The descendants of the Patawomeck Tribe banded together in the 1700s in the White Oak area of Stafford, which was in King George County until the county boundaries changed in the late 1770s. This was in walking distance from the Passapatanzy area, where many of the descendants still live today.
--Written by Bill Deyo, Patawomeck Tribal Historian
MEMBERSHIP IN THE PATAWOMECK TRIBE
We welcome all people of legally documentable Patawomeck Indian lineage who are dedicated to reviving and keeping alive the heritage of our ancestors to become active members of the Patawomeck Tribe if they meet the requirements listed below.
-In order to qualify for tribal membership, your Patawomeck family lineage must be documented. This is a step you must complete, to the best of your abilities, before requesting membership. The Tribe does not have the time or resources to complete the genealogy for every applicant. We do have access to various vital records of local families, (i.e. Newton, Monteith, Green, Sullivan, etc...)and may be able to fill in gaps during the application review process but the burden of genealogical proof lies with you, the applicant.
-Your family must be listed on the 1860 census of the White Oak area of Stafford County or closely surrounding area (such as the city of Fredericksburg or Pasapatanzy in King George)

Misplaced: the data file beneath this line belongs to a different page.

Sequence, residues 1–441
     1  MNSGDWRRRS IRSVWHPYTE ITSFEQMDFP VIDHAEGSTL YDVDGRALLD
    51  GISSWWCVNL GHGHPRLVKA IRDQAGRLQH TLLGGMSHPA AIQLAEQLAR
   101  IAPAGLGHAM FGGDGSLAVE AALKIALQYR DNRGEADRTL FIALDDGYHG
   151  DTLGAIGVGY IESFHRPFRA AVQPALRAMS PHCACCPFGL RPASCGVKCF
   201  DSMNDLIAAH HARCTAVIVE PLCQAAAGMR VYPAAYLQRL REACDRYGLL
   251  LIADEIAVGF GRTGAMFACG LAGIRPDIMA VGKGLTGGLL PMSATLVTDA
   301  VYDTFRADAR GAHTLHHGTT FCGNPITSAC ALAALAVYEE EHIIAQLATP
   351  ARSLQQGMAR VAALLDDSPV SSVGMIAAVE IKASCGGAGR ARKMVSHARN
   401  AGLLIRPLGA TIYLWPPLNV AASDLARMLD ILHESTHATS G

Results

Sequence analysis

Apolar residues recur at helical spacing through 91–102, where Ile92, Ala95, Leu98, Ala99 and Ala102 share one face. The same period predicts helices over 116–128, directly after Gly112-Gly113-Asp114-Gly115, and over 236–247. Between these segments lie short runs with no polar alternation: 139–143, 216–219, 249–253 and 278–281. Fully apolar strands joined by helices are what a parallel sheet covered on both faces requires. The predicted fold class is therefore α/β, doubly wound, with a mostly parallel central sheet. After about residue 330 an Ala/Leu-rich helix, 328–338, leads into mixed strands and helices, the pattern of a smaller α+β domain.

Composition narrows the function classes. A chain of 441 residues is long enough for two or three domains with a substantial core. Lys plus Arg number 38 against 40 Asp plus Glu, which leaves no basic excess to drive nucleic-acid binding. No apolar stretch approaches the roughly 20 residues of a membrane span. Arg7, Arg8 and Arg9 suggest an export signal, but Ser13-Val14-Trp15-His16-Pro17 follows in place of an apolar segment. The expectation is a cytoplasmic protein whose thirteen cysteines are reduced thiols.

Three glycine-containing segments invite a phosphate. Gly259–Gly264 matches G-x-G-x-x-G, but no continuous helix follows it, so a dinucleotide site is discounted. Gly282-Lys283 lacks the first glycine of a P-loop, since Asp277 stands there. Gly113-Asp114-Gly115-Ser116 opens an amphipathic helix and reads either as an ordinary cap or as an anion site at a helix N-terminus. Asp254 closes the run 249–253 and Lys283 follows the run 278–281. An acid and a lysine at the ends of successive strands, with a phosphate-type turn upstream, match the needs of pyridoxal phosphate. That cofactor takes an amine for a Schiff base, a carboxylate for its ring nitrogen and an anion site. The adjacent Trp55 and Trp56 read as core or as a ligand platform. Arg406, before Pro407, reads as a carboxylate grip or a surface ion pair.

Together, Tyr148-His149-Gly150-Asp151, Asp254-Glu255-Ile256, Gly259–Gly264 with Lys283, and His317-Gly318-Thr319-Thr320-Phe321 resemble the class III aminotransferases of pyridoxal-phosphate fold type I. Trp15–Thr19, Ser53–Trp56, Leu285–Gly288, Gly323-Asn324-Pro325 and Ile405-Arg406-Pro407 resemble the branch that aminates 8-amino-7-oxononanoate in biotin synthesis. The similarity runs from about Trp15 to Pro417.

-Your family must have interacted with the White Oak or closely surrounding area in the 20th century.
HOW TO APPLY FOR MEMBERSHIP
***Each Individual must complete a separate application.*** We do not extend Group/Family Memberships***
1. Gather copies of the following documents.
Please do not send the original documents! We may not be able to return them to you.
• Certified birth certificate for each individual applying for membership
• a 6 generation copy of your family tree, including siblings for each family group
• pertinent marriage certificates and death certificates
• any other copies of documents that may be necessary for documentation purposes: Family Bible pages, Church Records, etc..